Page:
Finally, there is increasing convergence between the leading-edge ideas in social psychology and those emerging in entrepreneurship. For example, until recently, group development was thought to proceed in an orderly manner with new groups going through stages in a relatively predictable manner. Gersick (1988, 1989, 1991) however has shown that when looking at groups in real situations, their progress is more dependent on time and task demands than on the stages of development. This process of movement appears as more of a disjoint, chaotic process than an orderly one. This finding parallels the metaphorical use of chaos theory suggested by Bygrave (1989), and has considerable face validity when applied to cases regarding team efforts in new ventures or new product development efforts.

Gersick's process model has direct application for models of organizational emergence, such as that of Katz and Gartner (1988), which also posits a recurring, nonidentical process punctuated by alternating periods of stability and instability. One potential adaptation of the Gersick findings to the organizational emergence model of Katz and Gartner is provided in Figure 1. Together the two approaches provide an understanding of the key processes and contents of new firm creation, and suggest the potential richness of entrepreneurship theories derived from social psychological research.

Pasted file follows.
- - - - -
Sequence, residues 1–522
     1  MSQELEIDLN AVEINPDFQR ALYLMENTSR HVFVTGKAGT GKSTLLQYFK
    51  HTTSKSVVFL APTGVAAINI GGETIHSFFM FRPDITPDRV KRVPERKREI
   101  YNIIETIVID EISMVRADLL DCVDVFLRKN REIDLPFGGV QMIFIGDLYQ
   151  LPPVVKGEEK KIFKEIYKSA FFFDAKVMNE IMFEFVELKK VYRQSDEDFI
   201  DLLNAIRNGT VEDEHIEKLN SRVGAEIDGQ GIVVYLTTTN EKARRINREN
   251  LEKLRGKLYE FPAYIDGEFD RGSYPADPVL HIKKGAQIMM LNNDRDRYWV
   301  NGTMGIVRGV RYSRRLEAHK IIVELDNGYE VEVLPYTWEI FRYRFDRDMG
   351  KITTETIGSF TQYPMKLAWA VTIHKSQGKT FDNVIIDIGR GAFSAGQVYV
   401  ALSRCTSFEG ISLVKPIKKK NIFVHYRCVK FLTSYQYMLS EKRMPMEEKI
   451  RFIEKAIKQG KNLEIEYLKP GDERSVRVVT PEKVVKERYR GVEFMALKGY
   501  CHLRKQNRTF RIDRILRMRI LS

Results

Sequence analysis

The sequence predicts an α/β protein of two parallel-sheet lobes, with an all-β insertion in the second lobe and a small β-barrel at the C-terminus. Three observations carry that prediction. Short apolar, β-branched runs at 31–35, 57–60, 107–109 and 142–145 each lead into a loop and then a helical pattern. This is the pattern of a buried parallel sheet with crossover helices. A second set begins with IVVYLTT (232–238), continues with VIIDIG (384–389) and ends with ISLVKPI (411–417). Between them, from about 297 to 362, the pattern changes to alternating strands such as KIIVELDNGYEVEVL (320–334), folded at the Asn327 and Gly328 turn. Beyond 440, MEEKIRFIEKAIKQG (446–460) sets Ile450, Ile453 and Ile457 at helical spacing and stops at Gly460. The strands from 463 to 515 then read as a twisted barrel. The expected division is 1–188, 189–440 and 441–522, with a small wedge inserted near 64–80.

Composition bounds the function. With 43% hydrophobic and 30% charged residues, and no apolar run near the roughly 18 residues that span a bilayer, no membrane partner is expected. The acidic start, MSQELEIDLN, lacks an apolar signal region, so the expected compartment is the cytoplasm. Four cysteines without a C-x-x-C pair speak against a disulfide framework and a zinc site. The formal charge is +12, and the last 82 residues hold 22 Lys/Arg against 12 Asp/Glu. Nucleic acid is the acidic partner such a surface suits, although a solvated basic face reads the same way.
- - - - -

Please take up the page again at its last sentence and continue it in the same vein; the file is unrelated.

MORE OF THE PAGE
For entrepreneurship researchers lacking a background in psychology, the writings of social psychologists, particularly contemporary ones, can be daunting. However, the complexity of their works is due to almost sixty years of refinement in labs and the field, and reflects the strength of the discipline. Moreover, the lessons of social psychology outlined above represent properties of high descriptive power, high robustness and established operationalizations. They are among the models easiest to adapt and utilize by entrepreneurship researchers.